29 January, 2007

Forms-based authentication in WSS 3.0

One of the cool things about the security model in WSS 3.0 is that you're no longer restricted to Active Directory when it comes to authenticating users. Because WSS 3.0 is using ASP.NET 2.0's provider model you can authenticate your users in any way you want, including forms-based authentication.

Forms-based authentication is useful in an extranet scenario where you don't want external users in your Active Directory. But what's really cool is that you can configure SharePoint to use multiple authentication providers for the same site. That means you can have external users of an extranet logging in by typing a username and a password (forms-based authentication) and still provide a seamless user experience for internal users of that same extranet by authenticating them based on their existing Active Directory credentials (windows integrated authentication).

There are two really good posts on how to configure SharePoint to use multiple authentication providers:

Now, my whole point of this post was to share a couple things based on my experience with configuring this:

  • The first couple of times I configured dual authentication carefully following the instructions in the posts above, it simply wouldn't work for me. I didn't get any useful error messages, SharePoint just didn't want to resolve my forms-based authenticated users. After many hours of frustration I realised that the account that my SharePoint application pool was running under didn't have access to the database where my users were stored. So, after you've created your ASP.NET 2.0 framework database with the aspnet_regsql.exe tool make sure to grant permissions to your SharePoint application pool account.
  • Following Andrew Connell's tip, Visual Studio 2005's ASP.NET Configuration Website is a quick and easy way to verify your web.config settings and to add some users into your database. But for your end users, you want to provide a more user friendly and secure way of adding new users. One way of achieving this is to create a new web part page that is only accessible by site owners. Using SharePoint Designer you drop the standard CreateUserWizard ASP.NET 2.0 control onto that page. Remember to set the MembershipProvider property for that control as well as other properties you may want to customise. Similarily, you can also utilise the other standard ASP.NET 2.0 controls, such as ChangePassword, PasswordRecovery, etc.

Update: I just came across this great post on Chandima's Blog. It's another detailed guide on how to configure forms-based authentication. He has also released an early version of a SharePoint feature he is working on. This feature will add user administration functionality to a site using forms-based authentication. Nice work!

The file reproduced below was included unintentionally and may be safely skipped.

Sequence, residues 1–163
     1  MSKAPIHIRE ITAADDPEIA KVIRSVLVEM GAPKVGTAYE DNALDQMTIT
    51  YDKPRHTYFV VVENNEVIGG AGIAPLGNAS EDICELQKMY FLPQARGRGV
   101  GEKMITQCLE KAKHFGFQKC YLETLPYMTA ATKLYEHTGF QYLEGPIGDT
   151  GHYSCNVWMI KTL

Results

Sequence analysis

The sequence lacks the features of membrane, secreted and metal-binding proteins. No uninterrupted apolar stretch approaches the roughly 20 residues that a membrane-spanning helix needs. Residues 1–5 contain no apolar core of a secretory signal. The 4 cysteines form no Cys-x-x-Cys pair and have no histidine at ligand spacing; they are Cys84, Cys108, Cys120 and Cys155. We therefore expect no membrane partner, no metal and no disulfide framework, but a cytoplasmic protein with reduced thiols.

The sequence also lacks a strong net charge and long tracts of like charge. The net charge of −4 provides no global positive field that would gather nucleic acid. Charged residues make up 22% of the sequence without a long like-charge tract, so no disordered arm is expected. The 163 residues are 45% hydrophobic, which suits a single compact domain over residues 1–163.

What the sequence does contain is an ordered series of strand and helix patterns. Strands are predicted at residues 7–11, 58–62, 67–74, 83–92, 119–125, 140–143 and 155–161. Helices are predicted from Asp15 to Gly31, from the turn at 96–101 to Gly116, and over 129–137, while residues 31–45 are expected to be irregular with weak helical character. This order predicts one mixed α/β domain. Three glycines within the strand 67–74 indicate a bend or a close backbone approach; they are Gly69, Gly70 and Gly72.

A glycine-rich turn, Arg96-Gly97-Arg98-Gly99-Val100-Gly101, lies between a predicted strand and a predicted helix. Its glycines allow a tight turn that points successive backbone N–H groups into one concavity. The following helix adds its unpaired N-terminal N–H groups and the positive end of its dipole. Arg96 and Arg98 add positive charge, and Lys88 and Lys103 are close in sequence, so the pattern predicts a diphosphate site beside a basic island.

Stay tuned to my SharePoint musings: Subscribe via email or RSS.


Henry said...

Hey Krisitan, thanks for the post. Have you had any experience with usign forms based authentication for AD users logging in from outside of the network? I've tried to do this but it seems that sharepoint does not recognize a FBA user the same as a windows authenticated user, even though they have the same login. Any suggestions? Thanks!

Kristian Kalsing said...

You would have two different urls poitning to the same website. One url is for internal users using AD authentication and the other url is for external users using forms-based authentication.
Most likely you would only have the external url facing the Internet. So for AD users to log in from outside the network they would come through the FBA url. Hence they would need a set of FBA username and password as well.

Jeremy Mullinax-Hill said...

I spoke with Microsoft and several SharePoint MVPs. Everyone seemed as if they had never taken into consideration that you would need to map an FBA user to a SharePoint profile. Finally I spoke with someone at Microsoft who told me that this is what I needed to do, but that I would have to write a program that creates the profiles, since the People Picker validates the user against AD. I have yet to try it out, but it seems logical.

cholliday said...

Have you tried the PasswordRecovery Control? When I try to use that in a sharepoint page it fails. But if I use it outside of sharepoint it works fine.

Etherknight said...

Maybe you can settle a bet for me. Can one turn up only WSS feature-set and still use AD logins? Or is that a feature exclusive to the full blown Sharepoint Server (MOSS)?

Anonymous said...

how to assign permission to database for our sharepoint applicaiton pool?
please help.

Anonymous said...


How to integrate WSS 3.0 authentication with AD?

Anonymous said...

Check this out!